When it came to the wings, I decided what frame range I wanted the bee to be flying versus still, and I simply duplicated the layers that didn’t have the flutter expression on those layers during those frames. Once you have all the movement of the bee finished you can now begin adding the Wiggle Paths effect to give everything that hand-drawn look.


I wanted to finish it all off with a text reveal. I used the font Montana typeface but you can use anything with a script vibe.

Now grab your Pen tool and trace along the text creating a mask along the letterforms. Try to flow your mask in a way that makes sense with how you’d connect the letters if you were writing them by hand.

Advertisement. Article continues below


Once your mask is finished, go to Effect > Generate > Stroke. This will give you a stroke effect you can use to reveal the type.

In the Effect Controls panel, change the Paint Style from On Original Image to Reveal Original Image. Now increase your Brush Size so that all the text is revealed. Now you can set some keys for the reveal. When the “End” property equals 100% you’ll fully see the text so set a key at both 0% and 100% for a full reveal.


You now have some awesome techniques for quickly making that awesome hand-drawn look in a fraction of the time.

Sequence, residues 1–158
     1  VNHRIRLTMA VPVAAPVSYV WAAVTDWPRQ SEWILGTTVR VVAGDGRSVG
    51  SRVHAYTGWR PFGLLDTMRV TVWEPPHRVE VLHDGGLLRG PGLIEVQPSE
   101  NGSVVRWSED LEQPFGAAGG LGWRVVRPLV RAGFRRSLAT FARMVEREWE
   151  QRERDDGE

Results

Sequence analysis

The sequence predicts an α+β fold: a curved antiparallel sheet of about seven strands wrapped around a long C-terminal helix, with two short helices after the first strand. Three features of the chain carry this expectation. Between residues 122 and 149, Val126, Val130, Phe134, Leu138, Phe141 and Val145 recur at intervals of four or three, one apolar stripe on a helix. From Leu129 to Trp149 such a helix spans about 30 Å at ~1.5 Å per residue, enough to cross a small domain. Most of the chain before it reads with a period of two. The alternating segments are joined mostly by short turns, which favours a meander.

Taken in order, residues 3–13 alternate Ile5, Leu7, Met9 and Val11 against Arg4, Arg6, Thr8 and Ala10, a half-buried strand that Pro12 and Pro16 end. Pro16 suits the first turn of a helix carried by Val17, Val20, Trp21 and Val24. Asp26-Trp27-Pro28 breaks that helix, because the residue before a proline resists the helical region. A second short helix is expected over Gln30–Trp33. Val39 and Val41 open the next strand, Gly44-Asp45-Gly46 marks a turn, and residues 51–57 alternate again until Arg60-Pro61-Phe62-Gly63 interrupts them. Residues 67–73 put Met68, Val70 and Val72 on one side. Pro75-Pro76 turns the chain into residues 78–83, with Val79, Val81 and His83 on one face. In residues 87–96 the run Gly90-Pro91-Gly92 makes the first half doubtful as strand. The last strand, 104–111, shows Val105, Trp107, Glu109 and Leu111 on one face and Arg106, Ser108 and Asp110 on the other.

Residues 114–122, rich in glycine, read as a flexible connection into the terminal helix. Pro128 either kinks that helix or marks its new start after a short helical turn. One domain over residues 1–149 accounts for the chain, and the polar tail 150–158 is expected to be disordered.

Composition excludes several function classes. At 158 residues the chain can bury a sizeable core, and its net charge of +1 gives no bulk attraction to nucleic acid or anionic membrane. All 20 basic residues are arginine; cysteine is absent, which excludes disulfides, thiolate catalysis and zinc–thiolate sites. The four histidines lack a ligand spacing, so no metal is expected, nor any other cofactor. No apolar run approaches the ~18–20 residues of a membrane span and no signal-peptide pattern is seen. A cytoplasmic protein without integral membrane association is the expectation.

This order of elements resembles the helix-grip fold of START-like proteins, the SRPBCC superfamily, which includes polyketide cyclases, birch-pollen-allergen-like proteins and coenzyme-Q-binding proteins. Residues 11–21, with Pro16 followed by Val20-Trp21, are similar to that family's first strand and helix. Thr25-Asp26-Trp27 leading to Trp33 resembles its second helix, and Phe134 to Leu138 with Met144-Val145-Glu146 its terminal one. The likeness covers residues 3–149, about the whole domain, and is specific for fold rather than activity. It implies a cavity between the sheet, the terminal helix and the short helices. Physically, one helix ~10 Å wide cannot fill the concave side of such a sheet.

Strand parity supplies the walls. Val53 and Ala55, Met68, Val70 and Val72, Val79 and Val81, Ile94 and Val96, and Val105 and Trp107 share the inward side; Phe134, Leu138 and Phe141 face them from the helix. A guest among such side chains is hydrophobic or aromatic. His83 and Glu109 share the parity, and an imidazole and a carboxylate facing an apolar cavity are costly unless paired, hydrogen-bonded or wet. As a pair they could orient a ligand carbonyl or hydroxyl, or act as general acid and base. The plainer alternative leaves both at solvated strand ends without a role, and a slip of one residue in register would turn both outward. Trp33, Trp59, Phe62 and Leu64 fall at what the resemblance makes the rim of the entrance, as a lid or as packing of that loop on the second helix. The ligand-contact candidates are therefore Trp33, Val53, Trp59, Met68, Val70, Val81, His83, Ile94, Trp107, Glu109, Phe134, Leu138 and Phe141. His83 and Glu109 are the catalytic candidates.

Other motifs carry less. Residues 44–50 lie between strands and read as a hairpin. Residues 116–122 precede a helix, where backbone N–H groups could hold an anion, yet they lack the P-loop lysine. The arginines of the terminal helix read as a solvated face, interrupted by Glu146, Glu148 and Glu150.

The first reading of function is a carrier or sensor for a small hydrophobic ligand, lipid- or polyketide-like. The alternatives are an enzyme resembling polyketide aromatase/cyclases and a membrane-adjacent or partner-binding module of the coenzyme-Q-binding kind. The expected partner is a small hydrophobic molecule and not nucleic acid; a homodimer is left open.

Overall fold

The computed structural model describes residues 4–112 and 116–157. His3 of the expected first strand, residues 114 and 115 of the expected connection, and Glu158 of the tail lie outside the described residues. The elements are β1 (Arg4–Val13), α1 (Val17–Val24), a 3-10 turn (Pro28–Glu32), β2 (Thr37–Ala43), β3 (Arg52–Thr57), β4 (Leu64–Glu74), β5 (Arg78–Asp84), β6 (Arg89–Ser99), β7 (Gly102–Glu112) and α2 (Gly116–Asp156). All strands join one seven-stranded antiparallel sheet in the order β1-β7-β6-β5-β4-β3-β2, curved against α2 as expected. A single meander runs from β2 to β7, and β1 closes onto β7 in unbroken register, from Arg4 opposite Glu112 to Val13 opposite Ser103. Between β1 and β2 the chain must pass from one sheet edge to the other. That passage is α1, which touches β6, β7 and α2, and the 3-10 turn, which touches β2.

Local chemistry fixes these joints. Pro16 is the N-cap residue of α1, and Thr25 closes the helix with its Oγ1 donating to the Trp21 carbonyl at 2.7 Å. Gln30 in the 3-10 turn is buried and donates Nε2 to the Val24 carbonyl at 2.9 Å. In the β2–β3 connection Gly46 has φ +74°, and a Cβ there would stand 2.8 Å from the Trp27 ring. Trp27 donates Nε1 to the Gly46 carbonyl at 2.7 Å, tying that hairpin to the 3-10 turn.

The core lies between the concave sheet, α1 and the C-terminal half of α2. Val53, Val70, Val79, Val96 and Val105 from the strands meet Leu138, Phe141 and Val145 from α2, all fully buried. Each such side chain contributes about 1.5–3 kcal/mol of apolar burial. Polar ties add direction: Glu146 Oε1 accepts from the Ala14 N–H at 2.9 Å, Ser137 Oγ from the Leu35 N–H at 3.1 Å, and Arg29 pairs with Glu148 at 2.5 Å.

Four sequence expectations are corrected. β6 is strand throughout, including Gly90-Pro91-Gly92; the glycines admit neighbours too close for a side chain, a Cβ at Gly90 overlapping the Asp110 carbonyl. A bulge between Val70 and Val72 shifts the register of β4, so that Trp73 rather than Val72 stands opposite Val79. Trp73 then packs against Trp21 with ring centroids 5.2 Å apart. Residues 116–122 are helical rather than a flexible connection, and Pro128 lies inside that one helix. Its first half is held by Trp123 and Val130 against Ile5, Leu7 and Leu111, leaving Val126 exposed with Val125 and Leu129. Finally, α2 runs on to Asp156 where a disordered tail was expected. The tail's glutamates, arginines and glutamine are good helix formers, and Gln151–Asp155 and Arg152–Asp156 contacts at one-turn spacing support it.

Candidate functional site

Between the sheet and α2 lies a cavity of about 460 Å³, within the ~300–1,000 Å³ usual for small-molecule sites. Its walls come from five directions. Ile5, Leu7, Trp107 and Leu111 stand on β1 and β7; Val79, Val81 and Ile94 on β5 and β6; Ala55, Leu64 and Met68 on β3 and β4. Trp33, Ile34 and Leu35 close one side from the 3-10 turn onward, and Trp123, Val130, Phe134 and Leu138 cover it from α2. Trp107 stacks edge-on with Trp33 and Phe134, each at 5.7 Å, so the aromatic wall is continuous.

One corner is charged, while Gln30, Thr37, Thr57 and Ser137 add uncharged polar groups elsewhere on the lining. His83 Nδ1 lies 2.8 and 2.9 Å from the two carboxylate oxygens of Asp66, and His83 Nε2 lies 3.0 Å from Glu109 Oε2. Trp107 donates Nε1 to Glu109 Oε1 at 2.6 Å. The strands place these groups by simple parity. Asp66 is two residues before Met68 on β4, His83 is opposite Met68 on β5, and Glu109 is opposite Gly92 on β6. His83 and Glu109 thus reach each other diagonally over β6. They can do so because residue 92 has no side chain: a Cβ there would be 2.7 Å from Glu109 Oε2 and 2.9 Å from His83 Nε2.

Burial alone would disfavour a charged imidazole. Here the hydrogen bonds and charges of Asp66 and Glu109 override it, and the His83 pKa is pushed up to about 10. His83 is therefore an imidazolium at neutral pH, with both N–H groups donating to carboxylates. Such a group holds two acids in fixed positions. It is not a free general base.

When you Create Shapes from Vector Layer in Step 4, try setting all the original Illustrator layers to shy and then toggling on or off the main Shy switch. This will help keep you organised but also not get rid of anything if you need it a little later.

Advertisement. Article continues below


When you have a Wiggle expression, the first number written is how many moves or wiggles per second. The second number is the amount it will move or wiggle in a direction. If you wrote the expression wiggle(10,1) for a position property of a layer that object would move 10 times every second and each move would be only 1 pixel away from where it started (always returning to its first spot).

If you wrote that same expression for a layer but put it on rotation instead of position, you’d probably see way more movement (in a 1080p comp) because rotation is measured in degrees not pixels.


Laura is a passionate visual effects and motion graphics author at Pluralsight. Her favourite projects are her two in-depth After Effects introductory courses on Pluralsight, which were each built around training motion artists and VFX artists, respectively. Laura has taught thousands of artists everything from shot-tracking and rotoscoping to motion design, and she has a passion for mid-century modern design (and her rambunctious dog Otis).

If you ever need to reach out for questions, comments, or to discuss nerdy motion designer things, feel free to reach out on Twitter.